Today, two fattened mourning doves
Coo who-who underneath
the two Leland Cypresses that
Michael planted for me,
knowing, all those years ago,
that they would shield the hot
aftenoon sun from me now.
I like to sit and watch the clouds.
I like how they contract and expand
the Southwestern sky.
I like to close my eyes and hear
the whisper of maples and the clap of
catalpas as wind blows through them.
When I open my eyes, I like to see
my neighbor George putter around
his hives in his honeybee suit.
When he lifts his fluffy white-suited arm to wave,
it says “Hello Neighbor.” So I raise mine
and it says hello back.
Sometimes I will see a weed peeking out
between the stones in the walk and I will
stand up, feel the ache in my bones
from sitting too long, and say ahh as I bend
and rip out the offending weed
and toss it in the fire pit.
Then I’ll turn and reclaim my spot,
and take a sip and drift off...

And later when the sun dips behind the
tall reeds in George’s yard, I know
that’s my cue to leave.
I’ll take my cuppa, head back down the gravel path,
and open the side door.
I’ll put the mug with the pink elephant
in the sink and turn to preheat the oven.
I’ll reenter the world I left behind—
my healthy children, my husband
who are hungry for food, for me.

untitled
By Emily Little

Reading her words where she's lifted me up, she is five but she carries part of me,
hearing her laughter in another room where I don't know the source,

Seeing the nurse pinch the bridge of her nose, mask in place,
I know she is breathing a sigh of relief but I her breath doesn’t make it to me.

A dump truck for a first dump in the potty, and now a whole row of new trucks,
He lists them, farm truck, front end loader, cement mixer, tractor,
I guess we could have tried harder before, but this is one thing easier in when socially distanced.

The stinging feeling of hand sanitzer
And the hands that finally feel clean when they are nestled in jet black soil.

the chime of a friend checking in
to say, how are you at this moment?
And She means to illicit the long answer

Frozen dance parties where we yell and cry and fully commit to character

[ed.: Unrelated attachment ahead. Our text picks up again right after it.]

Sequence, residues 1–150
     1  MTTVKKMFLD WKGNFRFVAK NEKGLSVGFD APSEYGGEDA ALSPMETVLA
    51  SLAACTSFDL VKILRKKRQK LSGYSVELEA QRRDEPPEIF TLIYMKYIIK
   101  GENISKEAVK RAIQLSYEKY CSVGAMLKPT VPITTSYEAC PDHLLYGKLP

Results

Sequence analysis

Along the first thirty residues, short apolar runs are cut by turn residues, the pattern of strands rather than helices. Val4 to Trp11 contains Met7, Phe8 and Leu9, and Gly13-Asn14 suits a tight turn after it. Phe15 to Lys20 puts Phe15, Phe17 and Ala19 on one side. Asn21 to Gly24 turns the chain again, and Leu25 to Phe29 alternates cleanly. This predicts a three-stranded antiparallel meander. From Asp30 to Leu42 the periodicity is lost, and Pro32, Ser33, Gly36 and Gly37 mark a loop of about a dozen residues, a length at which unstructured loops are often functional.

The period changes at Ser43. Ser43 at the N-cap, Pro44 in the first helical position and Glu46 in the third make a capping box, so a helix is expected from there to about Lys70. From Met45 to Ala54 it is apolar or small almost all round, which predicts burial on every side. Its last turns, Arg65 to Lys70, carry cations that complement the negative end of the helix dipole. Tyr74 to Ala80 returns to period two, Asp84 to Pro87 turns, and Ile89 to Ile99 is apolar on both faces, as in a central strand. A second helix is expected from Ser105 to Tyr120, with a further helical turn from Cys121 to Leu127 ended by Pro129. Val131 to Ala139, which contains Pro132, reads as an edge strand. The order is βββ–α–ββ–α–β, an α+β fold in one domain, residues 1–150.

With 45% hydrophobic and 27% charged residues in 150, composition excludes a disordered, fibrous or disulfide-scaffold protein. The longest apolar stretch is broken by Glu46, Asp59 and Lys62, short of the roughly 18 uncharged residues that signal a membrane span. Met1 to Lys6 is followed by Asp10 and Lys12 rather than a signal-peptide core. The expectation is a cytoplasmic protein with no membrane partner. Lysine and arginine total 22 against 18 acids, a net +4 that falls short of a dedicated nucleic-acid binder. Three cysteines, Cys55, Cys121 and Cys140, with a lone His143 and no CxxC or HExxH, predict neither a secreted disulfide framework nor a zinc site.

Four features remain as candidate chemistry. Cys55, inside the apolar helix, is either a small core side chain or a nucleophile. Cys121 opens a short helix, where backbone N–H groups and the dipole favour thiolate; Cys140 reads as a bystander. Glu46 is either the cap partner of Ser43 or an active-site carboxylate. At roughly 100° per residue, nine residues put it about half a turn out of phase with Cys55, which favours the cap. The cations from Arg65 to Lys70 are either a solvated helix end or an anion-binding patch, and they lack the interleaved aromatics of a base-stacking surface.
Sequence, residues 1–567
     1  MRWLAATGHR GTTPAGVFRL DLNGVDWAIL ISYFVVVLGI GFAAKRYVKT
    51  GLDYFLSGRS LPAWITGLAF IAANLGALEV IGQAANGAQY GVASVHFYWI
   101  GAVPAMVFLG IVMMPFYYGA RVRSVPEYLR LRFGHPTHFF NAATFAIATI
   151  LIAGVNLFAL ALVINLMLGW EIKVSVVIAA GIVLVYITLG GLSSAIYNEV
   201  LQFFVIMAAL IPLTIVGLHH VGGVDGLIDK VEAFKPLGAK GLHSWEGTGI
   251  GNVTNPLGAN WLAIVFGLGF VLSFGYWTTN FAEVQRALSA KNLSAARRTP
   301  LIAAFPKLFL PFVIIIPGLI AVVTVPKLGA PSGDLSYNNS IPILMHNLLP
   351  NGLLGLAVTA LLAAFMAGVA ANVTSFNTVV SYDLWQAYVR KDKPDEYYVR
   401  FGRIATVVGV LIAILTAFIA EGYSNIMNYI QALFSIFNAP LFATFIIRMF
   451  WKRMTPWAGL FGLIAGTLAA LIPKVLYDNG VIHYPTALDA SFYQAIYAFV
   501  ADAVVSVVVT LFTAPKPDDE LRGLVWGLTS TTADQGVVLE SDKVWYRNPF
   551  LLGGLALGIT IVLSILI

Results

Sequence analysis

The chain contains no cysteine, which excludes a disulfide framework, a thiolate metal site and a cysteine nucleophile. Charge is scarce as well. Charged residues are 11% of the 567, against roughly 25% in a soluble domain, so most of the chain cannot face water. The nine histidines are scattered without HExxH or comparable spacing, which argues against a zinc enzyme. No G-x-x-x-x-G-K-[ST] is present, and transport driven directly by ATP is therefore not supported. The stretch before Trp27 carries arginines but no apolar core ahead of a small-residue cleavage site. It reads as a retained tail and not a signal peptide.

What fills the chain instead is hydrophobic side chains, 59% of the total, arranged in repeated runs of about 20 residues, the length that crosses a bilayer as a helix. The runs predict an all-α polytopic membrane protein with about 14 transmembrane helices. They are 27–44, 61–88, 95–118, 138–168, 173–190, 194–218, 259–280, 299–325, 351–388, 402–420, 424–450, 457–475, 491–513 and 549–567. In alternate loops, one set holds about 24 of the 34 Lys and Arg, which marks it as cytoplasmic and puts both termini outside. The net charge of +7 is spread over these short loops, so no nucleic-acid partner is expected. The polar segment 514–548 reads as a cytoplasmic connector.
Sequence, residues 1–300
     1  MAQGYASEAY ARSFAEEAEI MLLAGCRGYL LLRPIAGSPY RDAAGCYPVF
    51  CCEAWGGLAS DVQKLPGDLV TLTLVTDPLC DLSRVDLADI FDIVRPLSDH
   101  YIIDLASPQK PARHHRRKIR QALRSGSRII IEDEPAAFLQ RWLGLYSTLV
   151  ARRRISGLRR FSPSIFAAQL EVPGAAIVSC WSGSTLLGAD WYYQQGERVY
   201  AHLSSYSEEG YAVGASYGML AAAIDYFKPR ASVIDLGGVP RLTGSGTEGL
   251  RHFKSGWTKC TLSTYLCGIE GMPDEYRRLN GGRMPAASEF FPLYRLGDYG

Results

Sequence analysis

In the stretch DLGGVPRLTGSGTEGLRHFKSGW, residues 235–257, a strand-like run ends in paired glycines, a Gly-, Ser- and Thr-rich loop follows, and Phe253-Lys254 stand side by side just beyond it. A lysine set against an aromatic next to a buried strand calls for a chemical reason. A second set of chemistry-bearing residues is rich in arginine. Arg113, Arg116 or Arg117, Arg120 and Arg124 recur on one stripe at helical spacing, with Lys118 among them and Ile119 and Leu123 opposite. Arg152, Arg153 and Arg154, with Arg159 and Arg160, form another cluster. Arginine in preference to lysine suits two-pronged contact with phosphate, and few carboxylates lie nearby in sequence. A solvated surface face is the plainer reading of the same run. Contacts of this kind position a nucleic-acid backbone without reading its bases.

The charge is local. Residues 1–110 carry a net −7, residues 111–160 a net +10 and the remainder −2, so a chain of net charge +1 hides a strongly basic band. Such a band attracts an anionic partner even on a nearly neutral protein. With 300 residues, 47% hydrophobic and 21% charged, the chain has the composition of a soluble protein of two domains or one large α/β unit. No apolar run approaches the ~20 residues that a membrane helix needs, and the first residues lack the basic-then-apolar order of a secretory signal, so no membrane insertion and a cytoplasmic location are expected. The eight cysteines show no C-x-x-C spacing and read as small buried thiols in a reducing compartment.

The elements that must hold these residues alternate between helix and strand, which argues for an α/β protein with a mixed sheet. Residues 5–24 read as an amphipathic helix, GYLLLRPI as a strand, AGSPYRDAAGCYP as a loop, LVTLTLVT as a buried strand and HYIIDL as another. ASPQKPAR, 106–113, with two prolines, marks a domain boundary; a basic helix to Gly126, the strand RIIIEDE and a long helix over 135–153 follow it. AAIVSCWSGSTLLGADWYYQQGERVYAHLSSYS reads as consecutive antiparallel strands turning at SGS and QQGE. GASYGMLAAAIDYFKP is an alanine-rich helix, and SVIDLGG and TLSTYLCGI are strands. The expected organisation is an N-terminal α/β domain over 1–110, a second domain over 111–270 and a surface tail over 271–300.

I can make myself cry when I think about people I love dying says the elder
Well I think of God dying says the younger with a smile, thinking she has won.

Hard cheese on crusty bread
Coffee that didn’t spill, not like yesterday’s cup, its splatters will last past these days together, stuck in place.

The silence where no one has a dry cough, no one wakes up too warm,
Peach trees-
birds singing-
And you thinking there are more birds then before but really I think it is that we are listening.

Jane Fonda tucking her bandana around her face--this isn't protection--
how do we carry each other now/how will we learn to carry each other tomorrow

did we carry each other yesterday?


untitled
By Stacy Sims

Ah the sweetness of it all.
When time loosens its grip
and light illuminates the lush, deep goodness of the dark.

And can we explore the loamy incandescence of worry, old fears, new tears.

Don't worry. Your eyes will adjust.
And those dark spaces will soon feel as clear
as that sunny day we thought we deserved.

untitled
By Troy Bronsink

how has this arrived,
this swelling of tears?

week by week by week
sunday after sunday
as is my practice
I sit with embering cigar
with two fingers of bourbon at the bottom of the ball jarI
tune my browser to the live radio show
their songcraft, their improv,
the poetry, the standup
and the let down of applause
through my tiny Bluetooth speaker.
it tugs
until
I let my heart’s ear feel into the place of the time

like a hardy aching laugh
i let my body go into
this
even this
bearing witness to my own tears coming ashore
almost by appointment

then today
when I least expected it,
when i noted lyle lovett playing in the background
and asked my wife, in passing, if she had heard
"john prine has contracted the virus"
john prine-
to lose him

and unannounced more tears sprang forth
to lose you,
or my mother
or that stranger who had only just moved in next door a week before

this practice of losing, of letting loose
the well of tears
the gut busting laughter
the showering songs of countless spring birds
and the tick-a-rack of my dog throwing sticks in the back

letting this moment swell
allowing even this to arrive
as one of my gratitudes

as if I’d been practicing my whole life for just this,
and it still feeling like my first tear